Published on 29 January 2021
While richer countries see the start of the roll-out of the coronavirus vaccine, it is estimated that 9 in 10 people in the poorest countries will not be vaccinated this year. This means that the humble bar of soap remains one of the best lines of defence against infection to prevent the spread of coronavirus in countries without strong healthcare systems able to provide ICU or ventilator care for those who fall ill.
Yet, more than 3 billion people across the world – 40% of the global population – don’t have soap and water in their homes, making it impossible for them to easily wash their hands, a practice key to helping people keep safe from the virus as well as prevent passing it on to others.
In Sierra Leone, the work of a group of women in the east of the country is helping to change this. The women have set up a soap making business and are now able to produce and sell thousands of cheap bars of soap.
With support from Irish Aid, Christian Aid through its local partner SEND Sierra Leone has set up Community Health Insurance Schemes in the Kailahun district. These schemes are community savings and loan initiatives, allowing members to save money as well as borrow from this collective fund to meet emergency expenses. Loans are provided to members at a low-interest rate and when repaid, the interest accumulates in the scheme to ensure a pot of money is always available to be tapped into by members in need at a future date.
These savings and loans schemes are a lifeline for many people who otherwise wouldn't be able to afford the cost of medical emergencies. But the scheme has also allowed for members to use their loans to meet the costs of other important expenses such as to pay for school fees, the cost of transport to health facilities, to buy food and even to set up and invest in a business - further helping them to earn added income.
"We sell the soap within our community for only 1,000 Leones (equivalent of 7 cents) so everyone is able to buy it. The use of soap really helps prevent the spread of the virus"
- Augusta Ngeibah.
Augusta is a teacher and the breadwinner in her family. She lives with her two grown up children, 24-year-old Gibril and 22-year-old Fatmata, and her mother Aminata who is 65. Augusta is also a member of her local Health Insurance Scheme.
After receiving training sessions in soap making from SEND staff and after weeks of contributing savings to the scheme, Augusta together with 30 women from the scheme took out a loan in addition to investing their collective savings into setting up a soap making business. The group have been producing soap since September 2020.
“We borrowed money from the Health Insurance Scheme to buy the items to make the soap. We buy all these items from the local market”, Augusta says.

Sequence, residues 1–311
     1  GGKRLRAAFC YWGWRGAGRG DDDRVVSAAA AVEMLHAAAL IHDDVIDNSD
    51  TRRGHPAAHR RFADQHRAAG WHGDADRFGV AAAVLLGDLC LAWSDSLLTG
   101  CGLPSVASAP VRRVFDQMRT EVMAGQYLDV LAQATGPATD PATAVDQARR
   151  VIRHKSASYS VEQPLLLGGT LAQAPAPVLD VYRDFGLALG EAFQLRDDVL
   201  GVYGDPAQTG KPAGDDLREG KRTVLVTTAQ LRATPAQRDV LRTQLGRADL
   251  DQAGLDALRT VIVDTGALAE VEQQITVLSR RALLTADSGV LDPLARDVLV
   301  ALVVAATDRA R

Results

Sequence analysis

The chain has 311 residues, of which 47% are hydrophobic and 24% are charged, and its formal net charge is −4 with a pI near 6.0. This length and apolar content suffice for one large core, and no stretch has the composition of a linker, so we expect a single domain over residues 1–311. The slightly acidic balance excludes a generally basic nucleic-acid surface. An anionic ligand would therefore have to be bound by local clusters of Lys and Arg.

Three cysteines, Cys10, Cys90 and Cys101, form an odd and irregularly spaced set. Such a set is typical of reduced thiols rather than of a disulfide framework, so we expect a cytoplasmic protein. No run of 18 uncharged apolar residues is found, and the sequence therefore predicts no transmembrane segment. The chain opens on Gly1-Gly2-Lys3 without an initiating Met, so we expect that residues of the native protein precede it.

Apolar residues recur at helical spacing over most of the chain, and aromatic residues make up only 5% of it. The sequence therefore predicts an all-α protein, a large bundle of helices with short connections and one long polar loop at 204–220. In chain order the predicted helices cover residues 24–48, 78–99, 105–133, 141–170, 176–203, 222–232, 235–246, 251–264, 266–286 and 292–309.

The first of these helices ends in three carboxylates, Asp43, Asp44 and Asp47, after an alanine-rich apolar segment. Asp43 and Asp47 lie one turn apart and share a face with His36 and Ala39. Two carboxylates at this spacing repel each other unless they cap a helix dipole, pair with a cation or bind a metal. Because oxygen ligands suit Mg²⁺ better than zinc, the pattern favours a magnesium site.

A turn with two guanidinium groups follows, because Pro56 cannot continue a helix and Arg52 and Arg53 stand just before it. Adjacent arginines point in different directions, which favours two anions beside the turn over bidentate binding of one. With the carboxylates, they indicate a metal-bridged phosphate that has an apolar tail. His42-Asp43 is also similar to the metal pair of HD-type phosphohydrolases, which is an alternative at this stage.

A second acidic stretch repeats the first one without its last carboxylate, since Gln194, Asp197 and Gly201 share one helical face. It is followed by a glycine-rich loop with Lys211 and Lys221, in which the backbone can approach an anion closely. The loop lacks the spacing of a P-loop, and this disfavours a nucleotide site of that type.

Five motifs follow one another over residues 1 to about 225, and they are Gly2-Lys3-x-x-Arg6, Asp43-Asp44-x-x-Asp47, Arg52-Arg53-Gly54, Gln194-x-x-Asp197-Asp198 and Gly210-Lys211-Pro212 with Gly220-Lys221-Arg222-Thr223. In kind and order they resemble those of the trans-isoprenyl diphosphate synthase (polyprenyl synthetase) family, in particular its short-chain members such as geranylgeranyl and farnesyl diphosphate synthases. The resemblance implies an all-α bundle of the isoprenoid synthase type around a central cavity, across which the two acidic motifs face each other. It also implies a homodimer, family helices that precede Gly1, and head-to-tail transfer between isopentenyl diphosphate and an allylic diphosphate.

All in all, the soap making process takes two weeks to complete and the group are able to make 2,400 bars of soap each month, though like others, they weren’t exempt from the challenges that operating a business during a pandemic presents.
“Coronavirus is a concern for me. It was very difficult for us to gather together but with the help of face masks and psychical distancing, we have been able to resume making soap,” she says.
While Sierra Leone has only 3,236 confirmed cases of coronavirus, the true spread of the virus within communities is likely unknown due to a lack of testing. Like herself, Augusta explains that people in her community are worried about coronavirus because of the global scale of the crisis, but for her, her worry about the virus stems from having witnessed her own country contend with an Ebola epidemic in the past.
But amongst the worry and concern, Augusta thinks her group’s soap making can really make a difference at a time when handwashing could mean the difference between good health and severe illness, and possibly even death.
“We sell the soap within our community for only 1,000 Leones (equivalent of 7 cents) so everyone is able to buy it. The use of soap really helps prevent the spread of the virus,” she says.
In addition to this life saving role, soap is also playing a key part in tackling poverty within the wider community. Each week, the women gather to make their savings contribution to the scheme using the income they earn from the sale of their soap and have begun to repay the loan they received from the scheme, helping to keep it self-sustaining and available for use by other members when they need it most.
As Augusta explains, bars of soap aren’t the only outcome to have emerged from the groups’ soap making activities. It has also helped the group to branch out into other ventures and buy several acres of farmland to grow crops which they intend to harvest and sell to earn more money.
“While the coronavirus pandemic is a concern for me, it has empowered us to have savings,” she says. “As a group we have also invested our savings into a groundnut and cassava farm,” she concludes.
Christian Aid has been working in Sierra Leone since 1988 and since the civil war ended in 2002 have been focused on challenging systems that perpetuate poverty. Christian Aid Sierra Leone has been receiving funding from Irish Aid to strengthen opportunities for women and to boost their incomes, to help communities access improved health care and other basic services as well as reduce violence.